SEPT 23- Maria’s Movement Journal

In this week’s class, I learned that physical literacy goes beyond the acquisition of knowledge and understanding. Physical literacy is an ongoing journey and is not about owning a single set of skills. As Whitehead (2014) states physical literacy also involves “the motivation, confidence and physical competence to value and take responsibility for engagement in physical activities for life.”

After defining physical literacy in class, it had me reflect back to how I became physically literate in soccer. I have played soccer since I was six years old and was on a competitive team throughout high school. My physical literacy in soccer developed through learning the fundamental movement skills such as passing, positioning oneself and kicking the ball. I had to gain these skills before learning and understanding the rules of the game. I can resonate to Whitehead’s definition of physical literacy because of the two words she uses- motivation and confidence. For me, motivation was a significant factor in achieving physical literacy in soccer. My soccer coaches were highly supportive, encouraging and instilled in me the confidence I needed to be the best possible player – physically, cognitively and socially. My coaches motivated me to continue building on my basic skills and foundations and to take risks when the opportunity rose. Moreover, as a soccer player I acknowledged that making mistakes is part of the learning process. Finally, I learned that having mentors to give you advice and facilitate your progress are essential in developing your skills.

Even though, I spent a great deal of time playing soccer throughout my youth; it enabled me to apply the same similar steps to achieve literacy in other sports or activities. I believe that it would have been more effective to achieve physical literacy had I participated in a variety of extracurricular physical activities throughout my youth. However, soccer was my passion as a child, and I was determined to make it my priority!

2 thoughts on “SEPT 23- Maria’s Movement Journal”

  1. Maria, I couldn’t agree more. I think that motivation and confidence are two key factors in ensuring a student’s success in physical literacy. Having the support of your family, peers and coaches play a large part in a student’s quest to develop their physical skills and abilities. Although I do see some similarities with your experience playing soccer to my own, there are distinctions in my past that actually led me to stop playing basketball in my Junior year of high school.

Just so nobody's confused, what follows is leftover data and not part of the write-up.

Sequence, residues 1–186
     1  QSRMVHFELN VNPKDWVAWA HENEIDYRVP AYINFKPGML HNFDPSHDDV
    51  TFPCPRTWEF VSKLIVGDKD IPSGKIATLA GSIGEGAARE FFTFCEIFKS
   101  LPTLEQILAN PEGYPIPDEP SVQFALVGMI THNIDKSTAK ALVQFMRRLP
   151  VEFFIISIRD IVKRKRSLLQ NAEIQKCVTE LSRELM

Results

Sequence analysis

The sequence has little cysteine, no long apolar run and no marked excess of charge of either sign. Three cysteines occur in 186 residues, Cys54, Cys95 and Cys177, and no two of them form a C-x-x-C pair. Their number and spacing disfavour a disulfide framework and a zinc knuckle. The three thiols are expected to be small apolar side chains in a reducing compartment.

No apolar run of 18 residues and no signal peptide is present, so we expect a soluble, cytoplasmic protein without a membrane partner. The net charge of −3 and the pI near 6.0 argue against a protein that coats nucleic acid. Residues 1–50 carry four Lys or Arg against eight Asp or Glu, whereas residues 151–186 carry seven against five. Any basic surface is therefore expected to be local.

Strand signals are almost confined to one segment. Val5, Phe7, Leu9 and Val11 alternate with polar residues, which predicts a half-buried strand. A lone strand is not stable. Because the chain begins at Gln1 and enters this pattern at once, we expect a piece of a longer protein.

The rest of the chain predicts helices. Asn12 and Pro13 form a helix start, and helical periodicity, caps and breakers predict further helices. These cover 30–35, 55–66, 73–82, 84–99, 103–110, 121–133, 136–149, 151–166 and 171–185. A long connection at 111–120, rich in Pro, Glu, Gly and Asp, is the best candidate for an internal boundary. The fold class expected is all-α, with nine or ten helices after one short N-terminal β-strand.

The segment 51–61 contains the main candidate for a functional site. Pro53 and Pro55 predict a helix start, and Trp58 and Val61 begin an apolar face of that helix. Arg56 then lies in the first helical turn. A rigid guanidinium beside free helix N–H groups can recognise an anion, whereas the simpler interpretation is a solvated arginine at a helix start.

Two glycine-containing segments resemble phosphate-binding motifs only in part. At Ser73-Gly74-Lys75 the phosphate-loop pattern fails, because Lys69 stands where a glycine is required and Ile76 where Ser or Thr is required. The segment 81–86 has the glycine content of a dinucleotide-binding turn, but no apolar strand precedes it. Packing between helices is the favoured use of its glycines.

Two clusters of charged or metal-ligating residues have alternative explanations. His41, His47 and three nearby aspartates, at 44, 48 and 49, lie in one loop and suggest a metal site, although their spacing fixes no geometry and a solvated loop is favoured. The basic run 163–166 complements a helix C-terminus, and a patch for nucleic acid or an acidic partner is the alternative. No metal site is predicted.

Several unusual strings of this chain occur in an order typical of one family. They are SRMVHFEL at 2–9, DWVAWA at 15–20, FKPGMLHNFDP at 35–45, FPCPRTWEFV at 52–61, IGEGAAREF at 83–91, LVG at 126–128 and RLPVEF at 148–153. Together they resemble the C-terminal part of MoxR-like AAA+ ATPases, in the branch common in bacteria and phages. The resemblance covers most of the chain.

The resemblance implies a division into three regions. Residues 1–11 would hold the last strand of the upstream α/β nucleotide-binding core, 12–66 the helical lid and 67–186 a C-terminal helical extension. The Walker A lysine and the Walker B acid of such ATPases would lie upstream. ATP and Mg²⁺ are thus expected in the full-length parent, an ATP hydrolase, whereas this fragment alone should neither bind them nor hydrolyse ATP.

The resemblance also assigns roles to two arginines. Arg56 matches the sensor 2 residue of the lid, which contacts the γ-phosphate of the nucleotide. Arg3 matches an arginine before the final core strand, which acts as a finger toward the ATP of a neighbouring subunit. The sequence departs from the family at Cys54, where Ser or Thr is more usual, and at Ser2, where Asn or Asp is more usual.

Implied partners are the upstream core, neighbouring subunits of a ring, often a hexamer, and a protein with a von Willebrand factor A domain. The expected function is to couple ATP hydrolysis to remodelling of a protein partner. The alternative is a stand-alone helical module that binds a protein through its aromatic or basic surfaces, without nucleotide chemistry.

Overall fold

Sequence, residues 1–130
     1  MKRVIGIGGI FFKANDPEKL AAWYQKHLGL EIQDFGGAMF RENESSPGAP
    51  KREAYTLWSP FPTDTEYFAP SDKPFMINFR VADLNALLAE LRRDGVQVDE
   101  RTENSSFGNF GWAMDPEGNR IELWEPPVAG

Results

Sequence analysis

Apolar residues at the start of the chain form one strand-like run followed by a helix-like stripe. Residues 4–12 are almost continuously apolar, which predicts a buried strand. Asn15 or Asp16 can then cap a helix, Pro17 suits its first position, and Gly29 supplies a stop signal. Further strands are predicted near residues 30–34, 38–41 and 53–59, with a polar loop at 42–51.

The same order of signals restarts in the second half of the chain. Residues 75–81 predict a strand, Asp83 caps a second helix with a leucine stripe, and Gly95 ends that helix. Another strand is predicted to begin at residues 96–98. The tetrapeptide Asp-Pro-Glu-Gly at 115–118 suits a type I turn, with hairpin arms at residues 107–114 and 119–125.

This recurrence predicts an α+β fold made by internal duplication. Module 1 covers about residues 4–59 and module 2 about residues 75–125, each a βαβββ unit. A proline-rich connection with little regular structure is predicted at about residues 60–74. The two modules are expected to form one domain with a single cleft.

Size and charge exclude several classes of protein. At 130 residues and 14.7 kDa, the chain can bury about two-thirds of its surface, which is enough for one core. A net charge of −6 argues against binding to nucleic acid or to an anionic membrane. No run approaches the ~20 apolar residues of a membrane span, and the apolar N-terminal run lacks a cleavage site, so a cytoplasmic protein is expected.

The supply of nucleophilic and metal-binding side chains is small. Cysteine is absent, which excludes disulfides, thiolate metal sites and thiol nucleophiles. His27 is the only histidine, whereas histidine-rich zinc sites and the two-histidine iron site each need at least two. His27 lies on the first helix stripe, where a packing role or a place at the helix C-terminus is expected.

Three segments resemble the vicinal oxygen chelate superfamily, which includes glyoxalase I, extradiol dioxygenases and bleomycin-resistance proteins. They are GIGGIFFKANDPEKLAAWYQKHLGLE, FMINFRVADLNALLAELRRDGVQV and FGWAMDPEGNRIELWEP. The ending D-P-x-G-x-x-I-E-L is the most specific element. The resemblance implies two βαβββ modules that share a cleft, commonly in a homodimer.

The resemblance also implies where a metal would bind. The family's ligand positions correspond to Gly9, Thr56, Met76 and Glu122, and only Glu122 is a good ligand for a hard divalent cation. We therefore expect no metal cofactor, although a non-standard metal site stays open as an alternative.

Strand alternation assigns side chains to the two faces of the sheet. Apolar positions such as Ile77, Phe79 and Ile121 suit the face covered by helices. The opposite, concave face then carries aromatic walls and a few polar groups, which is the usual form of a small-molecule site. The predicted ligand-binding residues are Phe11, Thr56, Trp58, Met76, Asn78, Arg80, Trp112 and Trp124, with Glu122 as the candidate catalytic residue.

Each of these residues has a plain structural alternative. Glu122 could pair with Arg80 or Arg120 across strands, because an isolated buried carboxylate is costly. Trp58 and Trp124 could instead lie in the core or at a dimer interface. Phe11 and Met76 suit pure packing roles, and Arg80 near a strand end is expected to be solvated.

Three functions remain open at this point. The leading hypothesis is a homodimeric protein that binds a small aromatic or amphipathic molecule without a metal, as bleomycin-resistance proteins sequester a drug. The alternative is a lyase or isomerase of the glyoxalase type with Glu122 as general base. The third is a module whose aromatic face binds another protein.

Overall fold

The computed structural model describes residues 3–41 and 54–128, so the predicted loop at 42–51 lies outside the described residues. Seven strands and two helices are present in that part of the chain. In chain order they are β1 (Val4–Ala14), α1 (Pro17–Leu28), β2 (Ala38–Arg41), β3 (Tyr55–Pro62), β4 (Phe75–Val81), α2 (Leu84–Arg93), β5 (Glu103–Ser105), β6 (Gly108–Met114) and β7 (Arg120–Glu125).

Growing up, I played basketball competitively, and participated in the league and school teams. At a young age I built my motor and basketball skills with the support of my teachers, coaches and peers. But starting in grade 9 I became more self conscious about my performance on the court and slowly began to loose confidence in my own skils. Approaching grade 11, my lack of confidence was reaffirmed when I spent more time on the bench than I did on the court. In retrospect, I wish my coach at the time had put great focus on improving and encouraging each team player’s skill level and passion for basketball rather than winning as a team. But unfortunately, sometimes that is just the competitive nature of sports. I don’t hold any harsh feelings towards basketball, if anything playing on a sport team gave me long-lasting memories and taught me vital leadership and team work skills. It’s clear however, that confidence and motivation play a key role in your physical performance, and as prospective educators I hop to instill these attributes in my students when I’m teaching physical literacy.

  2. Ashley an Maria,

    Thanks for sharing your physical literacy journey and your experiences. Perhaps your journey will take you elsewhere now that you have a different and deeper understanding of physical literacy.

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